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Kansas Memory has been created by the Kansas State Historical Society to share its historical collections via the Internet. Read more.



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Curriculum - 11th Grade Standards - Kansas History Standards - 1945-1990 (Kansas_Benchmark 3) - Brown v. Board (Indicator 1) - Kansas' lead role in the Supreme Court case

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Showing 1 - 9 of 9 (results per page: 10 | 25 | 50)

Airmail Special Letter: Robert Carter to Mckinley Burnett

Airmail Special Letter: Robert Carter to Mckinley Burnett
Date: March 31, 1953
Attorney Robert Carter acknowledges receipt of a copy of a letter from McKinley Burnett sent with an enclosed memo from Superintendent of Topeka Schools, Kenneth McFarland. Carter advises Burnett that if the McFarland proceeds in this (possible dismissal of Negro teachers) he would immediately initiate a court action. Carter further advises that he would be in Des Moines and that he would be happy to meet any teachers who have received "these notices."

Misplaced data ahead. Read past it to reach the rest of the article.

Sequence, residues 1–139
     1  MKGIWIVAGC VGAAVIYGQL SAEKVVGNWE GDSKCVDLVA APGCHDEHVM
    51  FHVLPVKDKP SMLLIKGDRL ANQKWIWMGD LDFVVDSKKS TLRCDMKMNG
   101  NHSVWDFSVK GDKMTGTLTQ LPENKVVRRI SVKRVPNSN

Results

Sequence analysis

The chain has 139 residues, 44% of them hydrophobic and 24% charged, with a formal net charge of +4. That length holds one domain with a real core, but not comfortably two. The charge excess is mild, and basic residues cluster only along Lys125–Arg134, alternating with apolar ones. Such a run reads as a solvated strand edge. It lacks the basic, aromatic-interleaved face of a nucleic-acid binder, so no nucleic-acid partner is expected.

Charles E. Bledsoe to the NAACP Legal Department

Charles E. Bledsoe to the NAACP Legal Department
Creator: Bledsoe, Charles E.
Date: September 5, 1950
In the letter, Charles E. Bledsoe, attorney for the Topeka Chapter of the NAACP, outlines the general nature of Topeka's situation as influenced by local laws. In particular, Bledsoe refers to the Kansas Permissive Law of 1879 that allowed individual school districts to segregate schools if they so desired. However, the law did not mandate school segregation in Kansas. The response to this letter is Kansas Memory item #213410.

Charles I. Baston interview

Charles I. Baston interview
Creator: Baston, Charles I.
Date: May 14, 1992